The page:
Traumatic Brain Injuries Are Not Always Visible

Brain damage and traumatic brain injuries in newborns can sometimes be detected by physical appearances, recognized through brain scans, a child’s disposition, or developmental delays. Not all brain damages exhibit physical abnormalities but those that do often have unusually shaped skull structures (quite often a tiny skull size), difficulty focusing the eyes, large forehead, deformed spine, and other facial abnormalities.

Identifying Brain Injuries through Behavioral and Developmental Characteristics

new jersey philadelphia birth defects lawyers Traumatic Brain InjuriesBehavioral differences include excessive fussiness, extended periods of crying, refusal to sleep lying down, or too much or too little sleep. Another common indicator of brain damage is developmental delays. There are typical milestones that are generally expected of young children at specific stages of their life. For instance, there is a general age when most infants begin crawling, rolling over, uttering their first word, and so forth. A child with brain damage may have difficulty reaching these milestones at the typical age. Other symptoms can include body temperature, skin color, breathing patterns, seizures, and other similar indicators.
If your newborn baby suffers from one of the mentioned symptoms, it does not necessarily mean that your baby has brain damage or has suffered a traumatic brain injury. Abnormalities can occur due to wide array of reasons. Brain damage can only be diagnosed by a well-qualified and specialized medical professional. Each individual case varies depending on many factors. Your physician will know your specific situation better than anybody else and he or she will be able to identify any issues your child may be experiencing both externally and internally.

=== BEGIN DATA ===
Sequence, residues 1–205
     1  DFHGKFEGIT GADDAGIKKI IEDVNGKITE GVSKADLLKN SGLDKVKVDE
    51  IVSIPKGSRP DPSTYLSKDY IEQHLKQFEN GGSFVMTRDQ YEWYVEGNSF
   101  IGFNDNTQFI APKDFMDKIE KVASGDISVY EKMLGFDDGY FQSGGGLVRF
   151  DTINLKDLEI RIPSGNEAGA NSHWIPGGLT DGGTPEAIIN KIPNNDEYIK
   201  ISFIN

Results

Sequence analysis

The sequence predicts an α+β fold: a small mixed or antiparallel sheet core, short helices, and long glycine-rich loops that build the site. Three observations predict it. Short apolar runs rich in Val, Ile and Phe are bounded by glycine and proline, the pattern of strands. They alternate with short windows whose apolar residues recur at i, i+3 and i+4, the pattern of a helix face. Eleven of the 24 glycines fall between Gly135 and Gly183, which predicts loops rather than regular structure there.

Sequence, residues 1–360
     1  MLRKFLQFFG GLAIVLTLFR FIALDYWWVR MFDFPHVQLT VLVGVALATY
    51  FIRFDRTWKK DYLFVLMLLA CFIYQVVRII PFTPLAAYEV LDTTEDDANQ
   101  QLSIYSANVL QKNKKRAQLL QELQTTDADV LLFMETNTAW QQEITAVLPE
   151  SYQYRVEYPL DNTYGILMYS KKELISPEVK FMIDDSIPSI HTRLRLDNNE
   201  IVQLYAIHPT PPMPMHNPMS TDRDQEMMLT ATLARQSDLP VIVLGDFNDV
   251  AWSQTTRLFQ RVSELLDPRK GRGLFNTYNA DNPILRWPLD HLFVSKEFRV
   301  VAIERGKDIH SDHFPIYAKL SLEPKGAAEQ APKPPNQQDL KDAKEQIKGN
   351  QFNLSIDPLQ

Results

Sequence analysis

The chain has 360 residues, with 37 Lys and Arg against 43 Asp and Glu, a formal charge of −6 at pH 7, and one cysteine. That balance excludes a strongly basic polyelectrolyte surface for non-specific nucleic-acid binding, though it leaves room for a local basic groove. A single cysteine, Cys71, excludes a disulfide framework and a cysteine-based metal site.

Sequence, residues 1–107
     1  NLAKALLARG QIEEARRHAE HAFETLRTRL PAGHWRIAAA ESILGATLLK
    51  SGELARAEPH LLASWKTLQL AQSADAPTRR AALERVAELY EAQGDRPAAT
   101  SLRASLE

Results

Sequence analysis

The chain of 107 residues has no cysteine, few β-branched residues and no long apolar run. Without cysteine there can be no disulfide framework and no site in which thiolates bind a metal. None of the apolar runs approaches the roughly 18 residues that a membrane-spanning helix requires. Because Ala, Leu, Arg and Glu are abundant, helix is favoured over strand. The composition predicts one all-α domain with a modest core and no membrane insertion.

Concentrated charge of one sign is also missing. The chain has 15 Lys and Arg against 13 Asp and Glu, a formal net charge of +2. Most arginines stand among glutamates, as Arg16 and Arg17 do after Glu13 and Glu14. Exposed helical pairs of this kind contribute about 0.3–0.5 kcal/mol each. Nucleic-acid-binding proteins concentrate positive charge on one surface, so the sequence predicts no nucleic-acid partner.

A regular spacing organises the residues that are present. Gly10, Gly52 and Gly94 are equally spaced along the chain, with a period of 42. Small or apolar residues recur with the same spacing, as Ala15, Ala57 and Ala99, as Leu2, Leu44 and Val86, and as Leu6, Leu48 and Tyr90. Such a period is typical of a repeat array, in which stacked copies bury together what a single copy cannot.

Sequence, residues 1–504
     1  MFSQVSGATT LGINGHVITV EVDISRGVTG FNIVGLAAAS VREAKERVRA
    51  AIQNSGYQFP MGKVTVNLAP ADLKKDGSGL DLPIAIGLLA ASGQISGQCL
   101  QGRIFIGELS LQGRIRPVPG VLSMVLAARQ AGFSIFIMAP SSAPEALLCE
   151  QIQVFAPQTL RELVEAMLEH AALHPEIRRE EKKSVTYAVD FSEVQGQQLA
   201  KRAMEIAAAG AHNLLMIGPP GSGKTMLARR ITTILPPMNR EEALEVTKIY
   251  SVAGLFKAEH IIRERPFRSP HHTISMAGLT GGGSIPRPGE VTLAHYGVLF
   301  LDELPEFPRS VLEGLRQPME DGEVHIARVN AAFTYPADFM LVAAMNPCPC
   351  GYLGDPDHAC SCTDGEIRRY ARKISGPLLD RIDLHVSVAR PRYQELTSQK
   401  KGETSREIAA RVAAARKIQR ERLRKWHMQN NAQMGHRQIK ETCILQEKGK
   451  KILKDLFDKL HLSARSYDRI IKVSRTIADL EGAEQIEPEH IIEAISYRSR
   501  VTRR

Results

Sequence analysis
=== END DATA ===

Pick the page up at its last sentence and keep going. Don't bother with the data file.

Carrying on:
Traumatic Brain Injuries Lawyers in New Jersey and Philadelphia

Traumatic brain injuries that have caused brain damage can be very detrimental to the health of a young child and it is crucial to identify potential problems as early as possible. If your child has suffered from some sort of brain damage and you believe the problem has been worsened by ineffective medical treatment it is likely you have some questions. Please contact the Mininno Law Office for a free case evaluation or call for a free consultation at (856) 833-0600 in New Jersey, or (215) 567-2380 in Philadelphia.

Traumatic Brain Injuries Have a Variety of Causes and Treatments

Traumatic brain injuries can vary considerably, especially so in newborn babies who can not verbally describe their pain or symptoms, making diagnosis and treatment more difficult. Some symptoms can be visible early on which helps in early treatment, but some brain injuries do not reveal themselves until later developmental stages.

It is important to understand what brain injury and damage truly is. Generally, brain damage can be defined as:

“injury to the brain that is caused by various conditions, such as head trauma, inadequate oxygen supply, infection, or intracranial hemorrhage, and that may be associated with a behavioral or functional abnormality.”

Brain Damage Poses Increased Problems in Newborns

new jersey philadelphia Brain Damage attorneys variety causes treatmentsBrain damage can be categorized in one of two ways – acquired and traumatic. Acquired brain injuries are those that do not result from external forces. For example, a stroke would cause an acquired brain injury because no outside forces are the cause. Depending on the site of the lesions ( a lesion is any area of tissue or organ that has suffered damage) and severity of the stroke, the brain damage can affect the victim in different ways. Traumatic brain injury is damage that is caused by external forces. A motor vehicle accident, known as MVA to medical professionals, is often the cause of traumatic brain injuries.